government organizations will perform all those actions
to achieve each school or that they will somehow prevent us industry from
contributing to space situational awareness and space traffic management
in fact the policy and implementation plans are intended to establish an
architecture or framework that encourages commercial development and of
enhanced space safety data and services we want to take advantage of the growing
innovation in the private sector it’s gonna be so necessary for this to
succeed there’s a copy of the plan in each of your binders and the last page
of the plan summarizes those implementation actions and due dates we
are respectfully asking the council to approve this plan for implementation the
president’s policy and with the council’s approval we will initiate
tracking of the implementation actions and look forward to providing updates at
future council meetings thank you sir thank you dr. pace are there any
outstanding comments or objections to the implementation plan that’s in your
books seeing no objection I direct the executive secretary to enter the
implementation plan into the records of the national space Council and to make
publicly available a fact sheet on the policy and on the plan I also direct the
executive secretary to work with the members of the national space Council to
develop periodic updates on the implementation of the plan but thank you
very much thank you sir when I asked our first panel to go ahead
and make their way up to the table for this first panel we’re going to be
discussing science and exploration missions and the vital connection
between the two I want to commend administrator bridenstine and his
leadership team for the efforts that you just reflected on strengthening the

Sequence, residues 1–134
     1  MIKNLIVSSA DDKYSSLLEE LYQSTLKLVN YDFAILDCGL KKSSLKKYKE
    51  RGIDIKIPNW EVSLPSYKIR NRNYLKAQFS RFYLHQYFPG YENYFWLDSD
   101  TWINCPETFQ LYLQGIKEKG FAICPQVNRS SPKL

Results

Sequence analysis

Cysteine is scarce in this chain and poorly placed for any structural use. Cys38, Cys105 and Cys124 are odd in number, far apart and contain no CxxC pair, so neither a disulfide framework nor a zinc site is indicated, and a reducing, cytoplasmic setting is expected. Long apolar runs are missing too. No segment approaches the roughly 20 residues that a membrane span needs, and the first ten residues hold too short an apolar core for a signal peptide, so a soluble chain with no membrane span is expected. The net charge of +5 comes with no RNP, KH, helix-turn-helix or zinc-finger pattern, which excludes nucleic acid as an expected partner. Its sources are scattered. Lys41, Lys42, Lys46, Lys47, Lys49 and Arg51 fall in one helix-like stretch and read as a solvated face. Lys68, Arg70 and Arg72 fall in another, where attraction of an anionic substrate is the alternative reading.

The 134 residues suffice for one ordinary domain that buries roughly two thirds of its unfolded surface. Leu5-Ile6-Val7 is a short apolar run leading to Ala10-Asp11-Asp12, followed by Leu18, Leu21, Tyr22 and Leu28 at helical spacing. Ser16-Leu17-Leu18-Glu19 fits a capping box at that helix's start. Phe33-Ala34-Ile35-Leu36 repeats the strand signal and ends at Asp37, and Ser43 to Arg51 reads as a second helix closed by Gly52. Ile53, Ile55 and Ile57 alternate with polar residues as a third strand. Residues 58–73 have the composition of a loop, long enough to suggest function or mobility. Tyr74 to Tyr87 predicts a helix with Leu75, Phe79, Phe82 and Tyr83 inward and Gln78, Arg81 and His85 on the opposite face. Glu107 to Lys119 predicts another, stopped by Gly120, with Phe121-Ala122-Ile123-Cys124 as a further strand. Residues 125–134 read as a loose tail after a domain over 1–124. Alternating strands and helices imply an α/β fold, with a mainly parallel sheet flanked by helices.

bonds of cooperation and collaboration between science and human exploration
directorates at NASA you’re you’re breaking down the barriers and that’s
exactly what the president I are hoping to see we’re grateful to join by three
truly distinguished panelists who are going to speak in greater detail about
the important ways in which our science missions complement our exploration
missions and vice versa I’ll describe each of the panelists and then I’ll
recognize you for maybe five minutes of remarks and then we’ll have some
questions from members of the council our first panelist is dr. louise proctor
director of the lunar and planetary Institute in Houston Texas our second
panelist is dr. Steve Squyres the James a weeks professor of physical sciences
at Cornell University and our third panelist is mr. John Vilander president
and CEO of tech shot a space company based in Greenville Indiana with that
join me in welcoming this very distinguished panel for coming perspective dr. Louise Proctor is recognized and
thank you for being here mr. vice president members of the council thank
you very much for this opportunity to speak today science and exploration
enjoy a powerful synergistic relationship scientific research drives
exploration and exploration that creates new opportunities for scientific
discovery this synergy is no more evident than at NASA which in it’s
almost 60 years of existence has been the embodiment of humankind’s need to
explore to explain why we are here and why our earth is so unique throughout
those six decades robotic exploration has proven to be a fundamental and
essential component of NASA’s space program enabling incredible scientific
discoveries about our solar system and universe in the beginning robotic
spacecraft also served as pathfinders for the manned program with the many
ranger and surveyor missions characterizing the moon ahead of the
astronauts who visited it and since Apollo robotic spacecraft have continued
to feed the quest to explore and learn they have traveled far beyond Earth’s
moon examining asteroids comets and with the recent successful flyby of Pluto
every planet in the classical solar system as well as many of their moons
robotic missions are even now being developed to thoroughly examine ocean
worlds the few bodies in the solar system believed to Harbor the
ingredients of life and maybe even life itself robotic spacecraft active Scouts
going to hostile environments that no human can safely visit yet and returning
scientific knowledge that benefits our society in the numerable ways robotic
exploration stimulates investments in technology development that are highly
significant in achieving national and economic goals space exploration related
technology has resulted in advancements in a broad range of areas including
transportation public safety consumer goods industrial productivity and health
we must not underestimate the importance of education in this marriage of science